Move to cable suits Maher’s new show
When his guests started talking over each other last week, host Bill Maher jumped in to scold them. After all, that kind of Springer-style cacophony did little for Maher’s previous show, “Politically Incorrect.”
He warned the panel: “I could get Carrot Top here in a minute.”
Luckily, there seems to be little danger of that. Maher’s new show, “Real Time With Bill Maher,” features about a dozen rotating guests instead of an endless stream of hit-or-miss celebs promoting a book, movie or dinner theater commitment.
It’s one of several changes on the retooled, one-hour version of “Politically Incorrect” that airs Friday nights at 11:30 on HBO (live on the East Coast, tape-delayed in the West).
Based on the first two episodes, the biggest improvement seems to be the move from ABC -- which canceled “P.I.” last year -- to cable, where the topical conversation can build without being interrupted by commercial breaks and network censors.
Of course, this is not exactly “Booknotes” with Brian Lamb. Along with a round-table discussion, each episode includes Maher’s opening monologue, a tongue-in-cheek commentary by comic Paul F. Thompkins and a guest comedy routine.
Round-table guests so far have included comedian Larry Miller and author Ann Coulter, with other “P.I.” regulars including Arianna Huffington and Al Franken waiting in the wings. Sailor-mouthed comic Sarah Silverman did her shtick on the Feb. 21 premiere, and Monty Python alum Eric Idle offered a musical number last week mocking patriotism.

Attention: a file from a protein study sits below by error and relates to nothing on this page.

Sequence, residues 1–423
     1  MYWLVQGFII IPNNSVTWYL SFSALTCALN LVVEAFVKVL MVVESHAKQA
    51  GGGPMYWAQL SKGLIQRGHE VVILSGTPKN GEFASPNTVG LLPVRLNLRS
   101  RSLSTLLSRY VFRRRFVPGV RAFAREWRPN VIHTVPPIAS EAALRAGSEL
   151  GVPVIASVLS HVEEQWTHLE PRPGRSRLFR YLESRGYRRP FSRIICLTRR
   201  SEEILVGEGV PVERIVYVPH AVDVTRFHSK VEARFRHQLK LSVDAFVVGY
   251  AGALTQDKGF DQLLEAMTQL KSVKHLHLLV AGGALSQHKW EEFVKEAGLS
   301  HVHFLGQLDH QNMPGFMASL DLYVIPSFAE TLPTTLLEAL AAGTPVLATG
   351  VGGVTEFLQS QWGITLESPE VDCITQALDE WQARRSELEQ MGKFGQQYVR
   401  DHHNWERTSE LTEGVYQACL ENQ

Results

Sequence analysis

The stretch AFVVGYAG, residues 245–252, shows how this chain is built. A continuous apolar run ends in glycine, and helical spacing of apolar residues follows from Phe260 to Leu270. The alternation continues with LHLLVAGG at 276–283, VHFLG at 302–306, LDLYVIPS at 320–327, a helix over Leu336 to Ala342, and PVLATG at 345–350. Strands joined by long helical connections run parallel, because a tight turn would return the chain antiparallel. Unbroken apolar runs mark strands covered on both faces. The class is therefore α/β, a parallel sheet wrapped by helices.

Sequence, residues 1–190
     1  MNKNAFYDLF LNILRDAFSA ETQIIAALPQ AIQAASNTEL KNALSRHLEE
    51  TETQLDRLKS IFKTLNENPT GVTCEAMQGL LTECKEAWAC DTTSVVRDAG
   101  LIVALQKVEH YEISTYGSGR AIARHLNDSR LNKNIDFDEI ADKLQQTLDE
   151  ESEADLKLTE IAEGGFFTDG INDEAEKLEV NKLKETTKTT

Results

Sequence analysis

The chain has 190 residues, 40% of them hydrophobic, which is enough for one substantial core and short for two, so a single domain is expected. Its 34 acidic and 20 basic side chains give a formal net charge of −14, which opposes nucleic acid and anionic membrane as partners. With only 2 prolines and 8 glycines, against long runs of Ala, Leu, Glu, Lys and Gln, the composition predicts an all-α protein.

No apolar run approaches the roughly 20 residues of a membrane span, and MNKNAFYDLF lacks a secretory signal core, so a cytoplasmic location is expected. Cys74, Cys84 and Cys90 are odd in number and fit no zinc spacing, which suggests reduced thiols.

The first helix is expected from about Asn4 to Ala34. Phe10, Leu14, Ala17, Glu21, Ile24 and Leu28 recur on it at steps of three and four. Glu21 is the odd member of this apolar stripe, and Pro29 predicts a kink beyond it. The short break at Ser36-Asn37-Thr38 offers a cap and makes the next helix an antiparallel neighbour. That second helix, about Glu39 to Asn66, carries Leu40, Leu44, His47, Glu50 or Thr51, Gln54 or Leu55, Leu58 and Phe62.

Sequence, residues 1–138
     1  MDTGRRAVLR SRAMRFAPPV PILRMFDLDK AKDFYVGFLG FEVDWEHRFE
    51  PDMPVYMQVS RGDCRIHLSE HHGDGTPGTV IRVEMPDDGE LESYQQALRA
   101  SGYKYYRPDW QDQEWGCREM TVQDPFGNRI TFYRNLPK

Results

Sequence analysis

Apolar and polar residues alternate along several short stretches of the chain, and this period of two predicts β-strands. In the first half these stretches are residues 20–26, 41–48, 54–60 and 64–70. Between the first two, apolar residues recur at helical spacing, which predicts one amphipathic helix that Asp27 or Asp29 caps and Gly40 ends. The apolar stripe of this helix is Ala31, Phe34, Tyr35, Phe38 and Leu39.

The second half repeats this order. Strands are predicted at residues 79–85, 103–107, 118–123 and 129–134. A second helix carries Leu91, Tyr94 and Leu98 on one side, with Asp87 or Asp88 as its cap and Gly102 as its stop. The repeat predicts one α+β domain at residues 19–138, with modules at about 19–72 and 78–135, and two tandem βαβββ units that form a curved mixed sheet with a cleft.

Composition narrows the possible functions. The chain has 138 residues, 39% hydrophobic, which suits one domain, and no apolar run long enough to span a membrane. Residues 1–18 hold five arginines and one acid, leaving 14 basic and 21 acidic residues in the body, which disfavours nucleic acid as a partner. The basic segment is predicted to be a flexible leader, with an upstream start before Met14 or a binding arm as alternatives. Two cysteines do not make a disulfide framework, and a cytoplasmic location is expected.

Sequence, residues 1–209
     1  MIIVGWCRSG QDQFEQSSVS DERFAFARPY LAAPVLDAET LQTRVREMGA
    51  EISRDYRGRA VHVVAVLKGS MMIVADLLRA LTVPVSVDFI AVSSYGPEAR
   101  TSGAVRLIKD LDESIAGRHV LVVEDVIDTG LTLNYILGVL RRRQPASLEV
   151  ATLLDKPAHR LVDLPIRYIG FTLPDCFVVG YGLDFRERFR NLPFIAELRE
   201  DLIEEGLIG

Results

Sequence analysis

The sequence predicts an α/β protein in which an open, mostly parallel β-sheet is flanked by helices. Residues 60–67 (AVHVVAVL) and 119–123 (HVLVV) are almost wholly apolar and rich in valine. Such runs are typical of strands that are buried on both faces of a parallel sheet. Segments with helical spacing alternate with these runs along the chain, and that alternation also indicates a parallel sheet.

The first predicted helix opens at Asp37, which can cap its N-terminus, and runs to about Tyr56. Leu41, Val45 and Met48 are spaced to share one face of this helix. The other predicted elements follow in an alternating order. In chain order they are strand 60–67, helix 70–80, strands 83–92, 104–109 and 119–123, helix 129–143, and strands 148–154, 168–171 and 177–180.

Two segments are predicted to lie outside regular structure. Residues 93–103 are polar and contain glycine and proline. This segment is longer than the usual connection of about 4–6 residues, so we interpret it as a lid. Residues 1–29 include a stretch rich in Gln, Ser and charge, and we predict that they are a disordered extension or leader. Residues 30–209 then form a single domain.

Tonight’s panel is D.L. Hughley, radio host Michael Graham and political cartoonist Ted Rall, and the comedy guest is the Marijuanalogues.
Some of the round-table rotation’s Johnny-one-notes, like Coulter on the right and Alec Baldwin on the left, could wear thin, but so far the conversations have been smart and lively.
The format lets Maher display plenty of his incisive wit. On Saddam Hussein: “He is Hitler like Oasis was the Beatles.” On so-called reality TV: “How can we say we are a good people if what we like to watch as our sole form of entertainment is the torture of our fellow citizens?”
Fortunately, Maher’s version of keeping it “real” is far from torture.